- Bree L. Davis and Stewart Nelsen for Tale of the Bull, a documentary feature about Darryl Howard, who was exonerated after spending 20 years in prison for murders he didn’t commit.
- Linda Royal for Minnie Evans: Draw or Die, a documentary feature that reveals the artistic mastery of one of the most important American artists of the 20th century.
- Stephanie Diane Ford for Untitled Youth Camp Documentary, a documentary short chronicling the creation of a sexual violence awareness program at an annual youth summer camp.
- Pierce Freelon for Where Our Spirits Reside, a documentary short that follows jazz vocalist Nnenna Freelon, who wraps her grief in paper mache for a puppet show about transformation and healing.
- Malinda Maynor Lowery for LUMBEELAND Short Film, a narrative short about a quick-tempered Native American drug dealer escaping the shadow of his cannabis kingpin grandfather.
- Madison Cavalchire and Maddie Stambler for The Unknown Metal Box, a documentary short about a Durham artist’s mission to reunite a box of photo negatives he found in the 1980s with its original owner.
- Tatyana Marie for Anxiety & Me, a narrative short that follows a humanized version of a young girl’s anxiety when she invites over her crush, trapping her emotions and causing chaos within.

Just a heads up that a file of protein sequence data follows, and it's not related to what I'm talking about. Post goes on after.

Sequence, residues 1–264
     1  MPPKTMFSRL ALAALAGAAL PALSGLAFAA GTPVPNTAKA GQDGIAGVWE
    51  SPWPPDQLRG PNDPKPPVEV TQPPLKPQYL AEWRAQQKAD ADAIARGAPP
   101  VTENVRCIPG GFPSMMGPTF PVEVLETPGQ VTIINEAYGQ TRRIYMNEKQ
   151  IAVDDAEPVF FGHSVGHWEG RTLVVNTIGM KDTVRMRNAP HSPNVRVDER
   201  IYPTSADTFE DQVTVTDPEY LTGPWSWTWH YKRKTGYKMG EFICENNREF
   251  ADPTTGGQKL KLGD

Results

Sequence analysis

- Erwick D’Souza for earthlings, a narrative short about two astronauts on a wayward mission, facing death and coming to terms with their own mortality.
- Joshua Perez for The Day the Music Stopped: The Story of Sugar Hill, a documentary feature that explores the turbulent history of Kinston, NC’s infamous red-light district, Sugar Hill, and its profound impact on music, civil rights, and the local economy.
- Angela Hollowell for Saying Goodbye to Forever Chemicals, a documentary short about the fight for clean water in Eastern North Carolina.
- Cassidy Scott for Lady in Waiting, a narrative short about Lady Cecelia, who must marry to save her family’s prosperity and reveal her true feelings to her new lady-in-waiting.
- Camden Watts for Picturing Pigs, a documentary short about two photographers navigating obstacles to remind travelers that pigs are more than just food.
- Yasaman Baghban for Eight Gates, a documentary short that tells the story of Htarsu, a 39-year-old Myanmar activist, and her children, living in Durham as refugees.
- Stefani Byrd for Here-There, is an experimental immersive sound and video installation that investigates how the transcontinental railroad, capitalism, westward expansionism, and labor unions have shaped the American psyche.
- Rodney Stringfellow for How to Haunt a House, a narrative short that follows a woman with a well-earned grudge against her brother who is visited by an angry ghost.”
As the SAG-AFTRA strike has recently been resolved, Brawley said he foresees a boom in the North Carolina film industry. He hopes to support more North Carolina filmmakers with even more money in the future.
“We still don’t have enough money to fund every project that we like. Hopefully one day we’ll be able to grow that fund even larger. It’s so important to grow North Carolina voices in the industry,” Brawley said.